“Basically whatever you throw on the ground will soak in pretty fast,” Chaudhuri said.

This region is a recent geological formation composed mostly of sand and gravel, and the high porosity and water conductivity of these soils favor groundwater movement.

Ale and his team studied the long-term trends of nitrate groundwater contamination across Texas and recently published their results in the Journal of Environmental Quality. The team analyzed 213 wells from the Seymour Aquifer and found that “over the past 50 years, the concentration of groundwater nitrates has been increasing in the Rolling Plains region,” he said.

According to Chaudhuri, the rising nitrate levels in the Seymour Aquifer can be attributed to several factors, including the soil’s characteristics, the nitrates naturally present in the soil and in the irrigation water, and nitrates used in agriculture. “We found that irrigation with high-nitrate ground­water coupled with nitrate fertilization is one of the major pathways through which nitrates enter the aquifer.”

Regardless of the source, the nitrate levels in the Seymour Aquifer are still increasing. “All I can say is, any contaminant rising eternally is quite aggravating to our environment,” Chaudhuri said.

But, according to Ale, a possible solution exists.

“The implementation of best management practices on a large-scale could reduce the amount of nitrates leaching to the groundwater and thus improve groundwater quality,” Ale said, “but it is a slow process and it may take several years before we see improvement.”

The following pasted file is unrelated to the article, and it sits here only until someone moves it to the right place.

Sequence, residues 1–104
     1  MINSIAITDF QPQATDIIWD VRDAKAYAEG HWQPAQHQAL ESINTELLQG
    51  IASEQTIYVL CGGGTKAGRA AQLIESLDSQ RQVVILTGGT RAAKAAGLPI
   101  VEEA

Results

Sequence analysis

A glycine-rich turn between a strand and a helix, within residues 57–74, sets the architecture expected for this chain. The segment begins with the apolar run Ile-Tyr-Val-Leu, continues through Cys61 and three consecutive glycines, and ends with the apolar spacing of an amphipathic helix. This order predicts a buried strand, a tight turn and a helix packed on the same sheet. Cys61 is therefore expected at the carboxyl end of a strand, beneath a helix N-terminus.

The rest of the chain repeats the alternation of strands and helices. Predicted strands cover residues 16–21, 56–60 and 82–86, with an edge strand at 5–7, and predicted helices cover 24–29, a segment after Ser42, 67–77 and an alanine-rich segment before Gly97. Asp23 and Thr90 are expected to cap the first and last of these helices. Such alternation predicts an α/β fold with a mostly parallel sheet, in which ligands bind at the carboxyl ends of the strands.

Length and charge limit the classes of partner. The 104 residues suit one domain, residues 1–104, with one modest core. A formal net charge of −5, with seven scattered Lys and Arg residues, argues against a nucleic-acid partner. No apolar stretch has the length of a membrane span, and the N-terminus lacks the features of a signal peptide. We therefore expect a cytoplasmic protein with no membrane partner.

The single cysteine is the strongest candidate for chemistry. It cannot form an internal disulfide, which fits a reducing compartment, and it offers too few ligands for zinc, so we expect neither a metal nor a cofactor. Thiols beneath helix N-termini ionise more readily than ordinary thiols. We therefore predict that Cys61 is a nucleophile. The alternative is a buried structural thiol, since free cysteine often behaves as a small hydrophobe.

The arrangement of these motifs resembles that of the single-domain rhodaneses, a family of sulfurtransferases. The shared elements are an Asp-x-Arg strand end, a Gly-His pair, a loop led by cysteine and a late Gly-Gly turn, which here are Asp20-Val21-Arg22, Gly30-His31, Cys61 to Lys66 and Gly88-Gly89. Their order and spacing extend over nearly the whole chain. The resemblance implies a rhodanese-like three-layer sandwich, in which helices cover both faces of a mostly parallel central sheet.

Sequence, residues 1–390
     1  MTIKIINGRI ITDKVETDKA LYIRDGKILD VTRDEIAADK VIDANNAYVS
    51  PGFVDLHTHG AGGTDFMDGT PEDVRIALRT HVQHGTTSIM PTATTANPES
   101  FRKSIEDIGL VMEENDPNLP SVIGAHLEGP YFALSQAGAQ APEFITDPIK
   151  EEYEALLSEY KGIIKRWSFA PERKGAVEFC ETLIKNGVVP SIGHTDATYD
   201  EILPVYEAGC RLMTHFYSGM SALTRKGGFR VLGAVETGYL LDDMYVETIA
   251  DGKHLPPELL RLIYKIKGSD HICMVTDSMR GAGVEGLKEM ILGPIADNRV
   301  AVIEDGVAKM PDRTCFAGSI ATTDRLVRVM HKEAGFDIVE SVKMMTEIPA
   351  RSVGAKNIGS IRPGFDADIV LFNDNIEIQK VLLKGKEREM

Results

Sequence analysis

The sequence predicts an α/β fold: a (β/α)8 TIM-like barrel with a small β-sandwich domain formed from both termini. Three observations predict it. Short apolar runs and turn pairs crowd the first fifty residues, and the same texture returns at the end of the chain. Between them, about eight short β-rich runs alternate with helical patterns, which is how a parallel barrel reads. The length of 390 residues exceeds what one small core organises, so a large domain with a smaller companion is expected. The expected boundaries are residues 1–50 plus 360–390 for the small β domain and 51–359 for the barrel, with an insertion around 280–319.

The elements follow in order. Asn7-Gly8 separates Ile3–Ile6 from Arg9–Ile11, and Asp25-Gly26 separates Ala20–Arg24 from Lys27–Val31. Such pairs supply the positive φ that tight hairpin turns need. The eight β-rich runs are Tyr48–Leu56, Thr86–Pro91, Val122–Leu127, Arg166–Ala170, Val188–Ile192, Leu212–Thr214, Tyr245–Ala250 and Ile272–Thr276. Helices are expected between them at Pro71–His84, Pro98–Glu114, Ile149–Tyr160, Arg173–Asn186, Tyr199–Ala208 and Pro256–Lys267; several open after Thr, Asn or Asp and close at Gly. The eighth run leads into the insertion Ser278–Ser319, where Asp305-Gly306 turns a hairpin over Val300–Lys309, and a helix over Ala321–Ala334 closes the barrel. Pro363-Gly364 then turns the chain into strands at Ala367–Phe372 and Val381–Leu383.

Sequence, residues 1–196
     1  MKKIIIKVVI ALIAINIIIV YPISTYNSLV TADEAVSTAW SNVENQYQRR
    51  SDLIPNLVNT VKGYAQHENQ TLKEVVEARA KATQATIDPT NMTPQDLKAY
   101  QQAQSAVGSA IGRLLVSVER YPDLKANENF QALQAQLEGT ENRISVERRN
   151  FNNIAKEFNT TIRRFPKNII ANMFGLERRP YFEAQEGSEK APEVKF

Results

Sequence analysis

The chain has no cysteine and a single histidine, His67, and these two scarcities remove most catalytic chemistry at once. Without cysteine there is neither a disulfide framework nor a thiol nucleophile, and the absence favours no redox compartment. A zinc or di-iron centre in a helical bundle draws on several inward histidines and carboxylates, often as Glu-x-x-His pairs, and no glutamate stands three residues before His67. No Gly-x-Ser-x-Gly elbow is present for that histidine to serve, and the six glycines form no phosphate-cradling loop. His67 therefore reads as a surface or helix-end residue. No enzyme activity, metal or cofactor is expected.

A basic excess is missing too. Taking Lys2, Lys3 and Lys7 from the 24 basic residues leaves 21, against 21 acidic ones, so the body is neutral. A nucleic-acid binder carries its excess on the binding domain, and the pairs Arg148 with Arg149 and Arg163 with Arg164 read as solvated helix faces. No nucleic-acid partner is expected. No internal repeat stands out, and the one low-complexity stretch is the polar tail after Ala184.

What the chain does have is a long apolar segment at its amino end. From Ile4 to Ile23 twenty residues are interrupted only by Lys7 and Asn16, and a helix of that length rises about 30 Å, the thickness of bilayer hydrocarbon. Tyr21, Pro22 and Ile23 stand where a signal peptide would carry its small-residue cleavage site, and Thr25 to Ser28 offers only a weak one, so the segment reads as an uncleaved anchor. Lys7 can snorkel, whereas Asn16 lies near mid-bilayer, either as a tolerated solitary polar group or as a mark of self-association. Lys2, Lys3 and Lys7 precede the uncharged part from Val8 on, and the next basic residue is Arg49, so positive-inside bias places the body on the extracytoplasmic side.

Putting nitrates to work

AgriLife Research environmental soil scientist Dr. Paul DeLaune is exploring one of these best management practices.

Last July, Ale and DeLaune welcomed members of the Rolling Plains community to the Chillicothe Research Station to discuss a technique that allows producers to take advantage of the nitrates already available in the Seymour Aquifer. They call this method nitrogen crediting.

“With nitrogen crediting, producers take the nitrate in irrigation water into account (when fertil­izing their crops),” DeLaune said. “By using the nitrogen that is naturally available, a producer can reduce the use of commercial fertilizer.”

At the field day, DeLaune showed the results of his demonstration. When taking into account the nitrogen in the groundwater, fertilizer applications were reduced by 73 percent in furrow irrigation and 42 percent in pivot and subsurface drip irrigation, without affecting crop yields. In some cases, nitrates in the well water provided more than enough of the crops’ nitrogen needs.

Applying less nitrogen fertilizer to the crops could mean significant monetary savings to the producers, DeLaune said.

“The average nitrate concentration in the Seymour Aquifer is 13.5 milligrams per liter,” he said.

“If a producer applies 12 inches of this water, he is applying 37 pounds of nitrogen per acre. If nitrogen costs $0.79 per pound, then the producer will save $29 per acre.”

In addition to the economic incentives, nitrogen crediting also offers an important ecological benefit.

“Accounting for this available nitrogen in irrigation water has the potential to reduce nitrate levels in local groundwater resources,” DeLaune said. “Properly managing what we can control, with nutrient management and nitrate crediting, will only aid in protecting our water resources.”

The Groundwater Nitrogen Source Identification and Remediation project is managed by the Texas Water Resources Institute and funded by the Texas State Soil and Water Conservation Board through a Clean Water Act grant from the EPA.